Boxer’s crew, roughly 2,000 sailors and Marines, are expected to rest and relax while in the kingdom, which lies across from Iran in the Persian Gulf. The command has not specified any activities while in port.
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The ship reportedly engaged two drones as it transited to the Persian Gulf last week, taking defensive action against a fixed-wing drone that had flown “within a threatening range” on the morning of July 18.
The ship may have taken out a second unmanned aircraft during the incident, Gen. Kenneth McKenzie, head of U.S. Central Command, said to a CBS News reporter aboard the ship before its port call. The two engagements happened about an hour apart, he said, but he was only “confident” that one of the drones was brought down.
The drone was reportedly disabled by Marines of the 11th Marine Expeditionary Unit aboard the Boxer using an electronic jamming device known as a Light Marine Air Defense Integrated System, or LMADIS, as manned and unmanned Iranian aircraft swooped in near the warship.
It is believed to be the first “kill” for the LMADIS, USNI News reported, and likely cost less than alternatives like missiles.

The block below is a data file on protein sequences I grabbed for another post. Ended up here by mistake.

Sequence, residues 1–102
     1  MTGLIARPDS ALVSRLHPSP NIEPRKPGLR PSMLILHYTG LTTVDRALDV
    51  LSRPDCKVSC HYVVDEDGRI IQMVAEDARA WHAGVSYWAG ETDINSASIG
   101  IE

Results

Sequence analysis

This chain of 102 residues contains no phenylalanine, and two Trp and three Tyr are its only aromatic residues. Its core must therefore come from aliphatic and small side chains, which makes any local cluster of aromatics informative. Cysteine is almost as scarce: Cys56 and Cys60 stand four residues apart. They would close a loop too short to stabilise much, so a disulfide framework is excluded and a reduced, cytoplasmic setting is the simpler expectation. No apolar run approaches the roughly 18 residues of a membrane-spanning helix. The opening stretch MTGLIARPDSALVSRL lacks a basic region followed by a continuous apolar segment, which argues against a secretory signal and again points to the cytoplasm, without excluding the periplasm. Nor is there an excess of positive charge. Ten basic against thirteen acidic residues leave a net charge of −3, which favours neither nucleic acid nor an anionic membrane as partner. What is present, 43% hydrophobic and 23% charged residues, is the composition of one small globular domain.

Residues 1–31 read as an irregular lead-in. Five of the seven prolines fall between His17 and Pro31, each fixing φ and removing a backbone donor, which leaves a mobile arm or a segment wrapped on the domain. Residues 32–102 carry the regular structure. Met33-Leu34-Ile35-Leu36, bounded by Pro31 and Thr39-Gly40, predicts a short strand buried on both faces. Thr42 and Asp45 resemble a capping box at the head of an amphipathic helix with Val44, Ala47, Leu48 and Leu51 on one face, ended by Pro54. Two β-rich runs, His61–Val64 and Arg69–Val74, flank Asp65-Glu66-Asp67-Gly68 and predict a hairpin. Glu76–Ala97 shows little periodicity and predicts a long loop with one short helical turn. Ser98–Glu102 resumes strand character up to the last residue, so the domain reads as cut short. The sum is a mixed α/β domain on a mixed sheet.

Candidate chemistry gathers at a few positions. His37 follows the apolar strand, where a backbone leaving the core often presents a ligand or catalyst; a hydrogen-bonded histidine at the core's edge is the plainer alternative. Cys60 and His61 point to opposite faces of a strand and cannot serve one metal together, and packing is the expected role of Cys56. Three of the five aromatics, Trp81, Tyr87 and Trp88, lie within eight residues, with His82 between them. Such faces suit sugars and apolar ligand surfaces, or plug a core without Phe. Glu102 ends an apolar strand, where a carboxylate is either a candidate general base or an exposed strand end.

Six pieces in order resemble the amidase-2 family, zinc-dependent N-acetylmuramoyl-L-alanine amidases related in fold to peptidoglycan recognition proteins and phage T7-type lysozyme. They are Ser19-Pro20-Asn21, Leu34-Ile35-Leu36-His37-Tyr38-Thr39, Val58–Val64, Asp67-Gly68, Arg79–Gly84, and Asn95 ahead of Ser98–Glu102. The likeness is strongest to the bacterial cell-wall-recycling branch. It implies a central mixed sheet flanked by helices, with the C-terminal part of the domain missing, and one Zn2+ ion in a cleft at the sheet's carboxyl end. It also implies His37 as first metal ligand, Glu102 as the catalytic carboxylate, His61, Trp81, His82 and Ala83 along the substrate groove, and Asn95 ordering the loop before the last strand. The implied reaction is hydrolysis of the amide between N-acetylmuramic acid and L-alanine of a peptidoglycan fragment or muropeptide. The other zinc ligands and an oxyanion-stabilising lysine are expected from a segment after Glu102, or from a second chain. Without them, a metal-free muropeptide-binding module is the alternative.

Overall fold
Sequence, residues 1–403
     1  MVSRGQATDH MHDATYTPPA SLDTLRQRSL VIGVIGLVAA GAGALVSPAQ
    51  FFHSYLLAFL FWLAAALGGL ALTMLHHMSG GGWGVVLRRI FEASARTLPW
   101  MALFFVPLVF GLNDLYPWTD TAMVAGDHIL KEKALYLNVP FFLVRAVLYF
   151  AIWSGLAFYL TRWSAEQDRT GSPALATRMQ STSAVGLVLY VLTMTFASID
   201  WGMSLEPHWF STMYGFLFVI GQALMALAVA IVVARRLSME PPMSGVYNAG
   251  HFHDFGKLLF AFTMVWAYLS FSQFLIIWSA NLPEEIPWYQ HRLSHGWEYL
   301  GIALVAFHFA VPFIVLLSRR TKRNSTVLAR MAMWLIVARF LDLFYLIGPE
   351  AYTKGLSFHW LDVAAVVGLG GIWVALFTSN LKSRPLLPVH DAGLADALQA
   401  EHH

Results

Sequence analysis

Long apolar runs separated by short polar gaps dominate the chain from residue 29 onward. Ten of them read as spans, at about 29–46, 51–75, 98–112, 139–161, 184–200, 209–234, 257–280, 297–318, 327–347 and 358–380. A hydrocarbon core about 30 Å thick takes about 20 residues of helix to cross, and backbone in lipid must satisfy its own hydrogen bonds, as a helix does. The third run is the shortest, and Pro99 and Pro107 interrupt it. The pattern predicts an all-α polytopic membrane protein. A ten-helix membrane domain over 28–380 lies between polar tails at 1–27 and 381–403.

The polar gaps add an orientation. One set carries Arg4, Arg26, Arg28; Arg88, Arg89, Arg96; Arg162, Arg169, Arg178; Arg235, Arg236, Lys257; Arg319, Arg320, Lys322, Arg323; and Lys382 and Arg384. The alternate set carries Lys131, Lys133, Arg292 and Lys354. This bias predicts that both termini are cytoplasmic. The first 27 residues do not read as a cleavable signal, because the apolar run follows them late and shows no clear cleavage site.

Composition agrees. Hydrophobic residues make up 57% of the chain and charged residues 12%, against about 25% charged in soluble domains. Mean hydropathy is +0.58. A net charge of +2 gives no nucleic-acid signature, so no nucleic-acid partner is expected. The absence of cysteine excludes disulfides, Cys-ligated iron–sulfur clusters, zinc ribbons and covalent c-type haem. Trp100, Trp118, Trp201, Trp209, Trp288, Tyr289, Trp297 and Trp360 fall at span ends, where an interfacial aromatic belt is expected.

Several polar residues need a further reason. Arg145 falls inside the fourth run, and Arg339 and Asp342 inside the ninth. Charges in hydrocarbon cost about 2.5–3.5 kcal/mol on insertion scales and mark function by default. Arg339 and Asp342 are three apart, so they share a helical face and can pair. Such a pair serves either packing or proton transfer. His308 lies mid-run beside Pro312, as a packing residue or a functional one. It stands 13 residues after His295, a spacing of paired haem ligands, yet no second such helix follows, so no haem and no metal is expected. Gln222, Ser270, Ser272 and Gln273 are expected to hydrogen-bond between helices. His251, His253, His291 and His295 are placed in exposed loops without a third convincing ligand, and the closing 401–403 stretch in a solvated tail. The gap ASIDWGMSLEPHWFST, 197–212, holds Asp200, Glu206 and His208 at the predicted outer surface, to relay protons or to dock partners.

Tehran has disputed Washington’s accounts of the incident, claiming that all of its drones in the region landed back at their bases that day. On Wednesday, Maj. Gen. Hossein Salami, head of the Iranian Revolutionary Guards Corps, repeated the denial, calling for the U.S. to produce evidence of the downed drone.
Last week, Iranian state media published about six minutes of video surveillance footage purportedly taken by the drones, which it said proved Tehran’s version of events. The clips, however, do not show the aircraft returning to base or landing.
The purported splashing of the drone comes about a month after Iranian forces shot down a U.S. military spy drone with a surface-to-air missile. U.S. officials claimed the drone was in international airspace over the Strait of Hormuz, while Tehran claimed the drone had ventured into Iranian airspace.
A chokepoint at the entrance to the Persian Gulf and a major thoroughfare for oil and other cargo, the narrow waterway has been a hot zone at the center of tensions with Iran in recent months. These included attacks on six commercial vessels since May that Washington has blamed on Tehran, and the seizure last week of a British oil tanker by Iranian patrol boats.
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